Harper asked what vehicles were involved, and the man said, “I don’t know, but there’s a red Tahoe that’s really messed up,” Harper said.

She looked at the time ” about 3:10 p.m. ” and knew the car belonged to her husband, Jay, who had just picked up their oldest son, Grady, from school.

“Dispatchers tend to develop instincts,” Harper said. “Sometimes you just know.”

She transferred the man’s call to Weld County dispatchers because the accident was in that jurisdiction. Then she called her husband, who didn’t answer his phone.

Then she called her dad, former Boulder County Sheriff Brad Leach, and asked him to go to the crash.

Then she continued to work, taking several more emergency calls until someone could cover her shift.

“My hands were kind of shaking, and I thought, ‘I’ve got to get this under control so I can keep doing my job,”‘ Harper said. “This is not a typical job where you can say, ‘My family was in an accident; I have to go.’ I had to be there to dispatch to other accidents.”

Her co-workers were caring and supportive, Harper said, and she was on the road to Longmont United Hospital within 30 minutes. Her husband and two sons were injured, but not critically, she said.

Although Harper now works for the Boulder County Office of Emergency Management, the incident changed how she handled calls and how she perceived people on the other end of the line.

“I realized every time I took one of those calls, it was someone’s family,” she said. “In our jobs, you realize it can happen to anyone at any time.”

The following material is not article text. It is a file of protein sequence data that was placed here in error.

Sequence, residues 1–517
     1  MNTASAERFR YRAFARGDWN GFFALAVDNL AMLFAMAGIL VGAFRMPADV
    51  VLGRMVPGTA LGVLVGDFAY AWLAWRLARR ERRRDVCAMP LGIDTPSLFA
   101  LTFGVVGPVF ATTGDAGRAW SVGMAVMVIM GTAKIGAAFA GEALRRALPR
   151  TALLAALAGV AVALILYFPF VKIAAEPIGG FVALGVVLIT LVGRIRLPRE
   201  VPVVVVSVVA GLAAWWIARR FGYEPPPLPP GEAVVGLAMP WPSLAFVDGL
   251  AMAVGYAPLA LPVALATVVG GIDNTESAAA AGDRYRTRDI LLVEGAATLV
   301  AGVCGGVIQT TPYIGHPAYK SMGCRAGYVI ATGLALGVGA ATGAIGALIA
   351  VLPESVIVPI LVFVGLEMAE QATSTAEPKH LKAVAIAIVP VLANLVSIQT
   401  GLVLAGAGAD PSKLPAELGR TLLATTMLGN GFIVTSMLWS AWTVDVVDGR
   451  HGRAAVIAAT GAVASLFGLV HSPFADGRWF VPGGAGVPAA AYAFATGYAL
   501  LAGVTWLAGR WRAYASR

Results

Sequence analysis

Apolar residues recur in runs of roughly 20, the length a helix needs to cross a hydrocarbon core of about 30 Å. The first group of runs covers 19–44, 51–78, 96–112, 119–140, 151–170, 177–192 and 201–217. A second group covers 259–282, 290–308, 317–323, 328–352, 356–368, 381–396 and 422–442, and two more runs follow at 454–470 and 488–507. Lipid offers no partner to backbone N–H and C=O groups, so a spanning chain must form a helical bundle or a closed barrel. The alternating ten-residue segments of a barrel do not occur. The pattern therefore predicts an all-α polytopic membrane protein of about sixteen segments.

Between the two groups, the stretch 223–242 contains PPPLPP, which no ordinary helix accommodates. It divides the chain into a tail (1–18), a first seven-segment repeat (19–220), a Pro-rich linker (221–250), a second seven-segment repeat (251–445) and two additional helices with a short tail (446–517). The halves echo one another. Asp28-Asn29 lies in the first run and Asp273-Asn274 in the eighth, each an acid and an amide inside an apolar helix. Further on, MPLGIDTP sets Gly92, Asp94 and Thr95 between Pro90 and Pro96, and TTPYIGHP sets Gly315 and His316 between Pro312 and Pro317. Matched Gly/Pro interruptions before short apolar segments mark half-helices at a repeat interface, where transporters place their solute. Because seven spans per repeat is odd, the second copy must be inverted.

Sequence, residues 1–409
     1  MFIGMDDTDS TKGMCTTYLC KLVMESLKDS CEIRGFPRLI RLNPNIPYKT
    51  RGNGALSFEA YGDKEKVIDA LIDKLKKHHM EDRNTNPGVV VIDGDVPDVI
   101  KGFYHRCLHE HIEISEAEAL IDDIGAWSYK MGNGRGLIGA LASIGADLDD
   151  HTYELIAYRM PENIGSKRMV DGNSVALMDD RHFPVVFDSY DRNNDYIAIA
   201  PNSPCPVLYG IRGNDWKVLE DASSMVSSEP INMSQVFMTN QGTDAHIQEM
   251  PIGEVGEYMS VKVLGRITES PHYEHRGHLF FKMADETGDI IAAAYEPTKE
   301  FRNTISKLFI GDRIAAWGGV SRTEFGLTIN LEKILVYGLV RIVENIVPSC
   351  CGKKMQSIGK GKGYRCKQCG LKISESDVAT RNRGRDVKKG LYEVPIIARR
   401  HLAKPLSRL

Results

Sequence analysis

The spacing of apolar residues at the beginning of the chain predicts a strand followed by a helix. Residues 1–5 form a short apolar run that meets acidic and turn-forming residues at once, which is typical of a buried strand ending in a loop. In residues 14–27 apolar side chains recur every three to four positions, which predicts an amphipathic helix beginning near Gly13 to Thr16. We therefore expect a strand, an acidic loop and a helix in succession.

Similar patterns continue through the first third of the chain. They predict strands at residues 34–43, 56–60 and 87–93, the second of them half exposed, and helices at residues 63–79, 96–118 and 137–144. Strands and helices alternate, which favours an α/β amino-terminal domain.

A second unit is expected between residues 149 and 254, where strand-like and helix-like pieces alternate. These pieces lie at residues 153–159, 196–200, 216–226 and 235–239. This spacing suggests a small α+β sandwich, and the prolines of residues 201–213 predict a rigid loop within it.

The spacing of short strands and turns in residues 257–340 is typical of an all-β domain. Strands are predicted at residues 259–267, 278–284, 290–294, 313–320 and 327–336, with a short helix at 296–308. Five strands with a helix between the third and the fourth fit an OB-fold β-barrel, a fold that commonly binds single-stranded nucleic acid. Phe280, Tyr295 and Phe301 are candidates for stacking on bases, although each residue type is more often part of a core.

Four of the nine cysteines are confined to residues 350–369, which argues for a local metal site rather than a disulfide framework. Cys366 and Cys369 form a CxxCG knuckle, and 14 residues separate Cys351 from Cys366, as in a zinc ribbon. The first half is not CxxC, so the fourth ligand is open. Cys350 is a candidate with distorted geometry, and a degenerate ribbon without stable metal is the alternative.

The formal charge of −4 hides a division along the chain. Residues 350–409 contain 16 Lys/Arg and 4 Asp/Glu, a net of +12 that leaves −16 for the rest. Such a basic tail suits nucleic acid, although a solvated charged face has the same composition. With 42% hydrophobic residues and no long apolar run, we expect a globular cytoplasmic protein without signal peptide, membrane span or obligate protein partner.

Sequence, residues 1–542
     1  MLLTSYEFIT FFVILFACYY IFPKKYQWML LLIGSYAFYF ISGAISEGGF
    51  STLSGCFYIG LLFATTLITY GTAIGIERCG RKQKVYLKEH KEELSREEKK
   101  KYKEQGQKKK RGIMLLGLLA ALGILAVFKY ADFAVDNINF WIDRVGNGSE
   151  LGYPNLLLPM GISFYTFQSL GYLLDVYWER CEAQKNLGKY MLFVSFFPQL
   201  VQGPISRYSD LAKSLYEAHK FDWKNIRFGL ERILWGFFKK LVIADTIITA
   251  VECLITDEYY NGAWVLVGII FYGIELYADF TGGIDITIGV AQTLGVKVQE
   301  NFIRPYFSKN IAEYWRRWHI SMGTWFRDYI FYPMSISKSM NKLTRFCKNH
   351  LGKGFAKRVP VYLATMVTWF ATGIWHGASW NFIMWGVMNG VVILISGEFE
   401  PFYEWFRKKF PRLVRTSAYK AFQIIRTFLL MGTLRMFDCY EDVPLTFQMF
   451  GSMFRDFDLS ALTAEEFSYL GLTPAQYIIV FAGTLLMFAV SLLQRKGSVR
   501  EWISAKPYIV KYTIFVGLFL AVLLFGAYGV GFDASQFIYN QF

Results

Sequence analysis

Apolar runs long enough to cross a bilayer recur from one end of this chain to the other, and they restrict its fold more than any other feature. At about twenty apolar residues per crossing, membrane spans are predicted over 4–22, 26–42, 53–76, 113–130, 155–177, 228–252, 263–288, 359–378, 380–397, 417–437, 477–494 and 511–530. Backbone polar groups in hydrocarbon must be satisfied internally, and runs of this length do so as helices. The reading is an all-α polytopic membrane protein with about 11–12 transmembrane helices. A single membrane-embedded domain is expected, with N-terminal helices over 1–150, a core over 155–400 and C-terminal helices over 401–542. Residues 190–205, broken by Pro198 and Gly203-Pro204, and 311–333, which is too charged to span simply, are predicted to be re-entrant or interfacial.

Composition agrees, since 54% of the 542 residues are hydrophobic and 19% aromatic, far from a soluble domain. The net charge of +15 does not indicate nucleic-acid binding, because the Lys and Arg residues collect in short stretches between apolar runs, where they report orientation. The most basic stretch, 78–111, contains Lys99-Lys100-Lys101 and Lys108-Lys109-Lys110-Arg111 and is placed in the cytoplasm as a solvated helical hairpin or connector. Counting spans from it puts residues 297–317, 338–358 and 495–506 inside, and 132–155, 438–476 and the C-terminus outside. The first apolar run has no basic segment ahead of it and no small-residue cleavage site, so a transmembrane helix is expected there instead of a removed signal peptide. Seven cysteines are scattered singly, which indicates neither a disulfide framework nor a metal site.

Both the sheriff’s office and Longmont Police Department expect officers and deputies to notify a superior if a friend or family member is a suspect or criminal offender at a scene ” but not if their loved ones are victims. Most emergency agencies do not have policies or procedures to handle those rare situations.

“We don’t have it formalized because, quite frankly, it doesn’t happen that often,” said Cmdr. Phil West with the Boulder County Sheriff’s Office.

If officers find a family member or friend at a serious accident, which is rare, their training likely kicks in before their emotions do, Police Chief Mike Butler said.

“Human nature will tell you that you’re not necessarily certain how you’re going to respond in those circumstances until you confront them,” Butler said. “If you’re an officer long enough, it’s bound to happen. We expect our officers to make the appropriate decisions.”

Hodgson’s instincts as a paramedic took over when he discovered his wife’s uncle and aunt at the accident scene. He has replayed the day in his head countless times since then and knows that he and everyone else did everything they could.

Although Sharon Jones died May 21 from her injuries, Hodgson is glad he was there ” for both her and her family.

“I’m glad because I know what happened, and I truly know what was done for her,” he said. “I think it’s helped the family, too. I think they’re glad I was there.”